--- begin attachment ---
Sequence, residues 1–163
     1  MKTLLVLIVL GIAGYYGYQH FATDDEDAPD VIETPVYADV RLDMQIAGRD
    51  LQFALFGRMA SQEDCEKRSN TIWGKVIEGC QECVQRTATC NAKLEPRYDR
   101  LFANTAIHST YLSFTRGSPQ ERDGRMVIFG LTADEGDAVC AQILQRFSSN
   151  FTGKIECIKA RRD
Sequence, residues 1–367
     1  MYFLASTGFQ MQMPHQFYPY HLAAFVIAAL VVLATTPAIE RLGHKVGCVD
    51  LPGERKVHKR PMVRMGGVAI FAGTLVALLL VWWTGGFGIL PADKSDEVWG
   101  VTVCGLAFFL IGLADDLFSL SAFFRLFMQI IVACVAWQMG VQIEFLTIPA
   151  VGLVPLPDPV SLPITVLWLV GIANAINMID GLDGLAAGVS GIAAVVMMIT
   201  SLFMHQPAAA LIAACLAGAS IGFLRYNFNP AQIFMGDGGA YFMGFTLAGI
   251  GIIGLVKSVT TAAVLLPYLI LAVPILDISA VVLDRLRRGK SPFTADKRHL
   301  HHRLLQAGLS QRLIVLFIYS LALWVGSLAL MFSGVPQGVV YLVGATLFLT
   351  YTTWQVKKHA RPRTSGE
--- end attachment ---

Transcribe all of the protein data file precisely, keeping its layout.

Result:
Sequence, residues 1–163
     1  MKTLLVLIVL GIAGYYGYQH FATDDEDAPD VIETPVYADV RLDMQIAGRD
    51  LQFALFGRMA SQEDCEKRSN TIWGKVIEGC QECVQRTATC NAKLEPRYDR
   101  LFANTAIHST YLSFTRGSPQ ERDGRMVIFG LTADEGDAVC AQILQRFSSN
   151  FTGKIECIKA RRD
Sequence, residues 1–367
     1  MYFLASTGFQ MQMPHQFYPY HLAAFVIAAL VVLATTPAIE RLGHKVGCVD
    51  LPGERKVHKR PMVRMGGVAI FAGTLVALLL VWWTGGFGIL PADKSDEVWG
   101  VTVCGLAFFL IGLADDLFSL SAFFRLFMQI IVACVAWQMG VQIEFLTIPA
   151  VGLVPLPDPV SLPITVLWLV GIANAINMID GLDGLAAGVS GIAAVVMMIT
   201  SLFMHQPAAA LIAACLAGAS IGFLRYNFNP AQIFMGDGGA YFMGFTLAGI
   251  GIIGLVKSVT TAAVLLPYLI LAVPILDISA VVLDRLRRGK SPFTADKRHL
   301  HHRLLQAGLS QRLIVLFIYS LALWVGSLAL MFSGVPQGVV YLVGATLFLT
   351  YTTWQVKKHA RPRTSGE